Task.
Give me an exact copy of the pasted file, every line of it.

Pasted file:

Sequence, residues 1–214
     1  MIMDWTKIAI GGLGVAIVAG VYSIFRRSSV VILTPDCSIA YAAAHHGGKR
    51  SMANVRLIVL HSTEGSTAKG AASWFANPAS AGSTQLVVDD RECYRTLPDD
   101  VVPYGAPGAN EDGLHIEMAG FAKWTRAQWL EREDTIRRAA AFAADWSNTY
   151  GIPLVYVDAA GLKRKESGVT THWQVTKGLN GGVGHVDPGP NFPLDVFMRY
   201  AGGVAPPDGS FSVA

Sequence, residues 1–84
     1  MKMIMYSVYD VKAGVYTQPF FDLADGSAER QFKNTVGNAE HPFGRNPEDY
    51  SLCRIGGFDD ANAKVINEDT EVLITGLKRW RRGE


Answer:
Sequence, residues 1–214
     1  MIMDWTKIAI GGLGVAIVAG VYSIFRRSSV VILTPDCSIA YAAAHHGGKR
    51  SMANVRLIVL HSTEGSTAKG AASWFANPAS AGSTQLVVDD RECYRTLPDD
   101  VVPYGAPGAN EDGLHIEMAG FAKWTRAQWL EREDTIRRAA AFAADWSNTY
   151  GIPLVYVDAA GLKRKESGVT THWQVTKGLN GGVGHVDPGP NFPLDVFMRY
   201  AGGVAPPDGS FSVA

Sequence, residues 1–84
     1  MKMIMYSVYD VKAGVYTQPF FDLADGSAER QFKNTVGNAE HPFGRNPEDY
    51  SLCRIGGFDD ANAKVINEDT EVLITGLKRW RRGE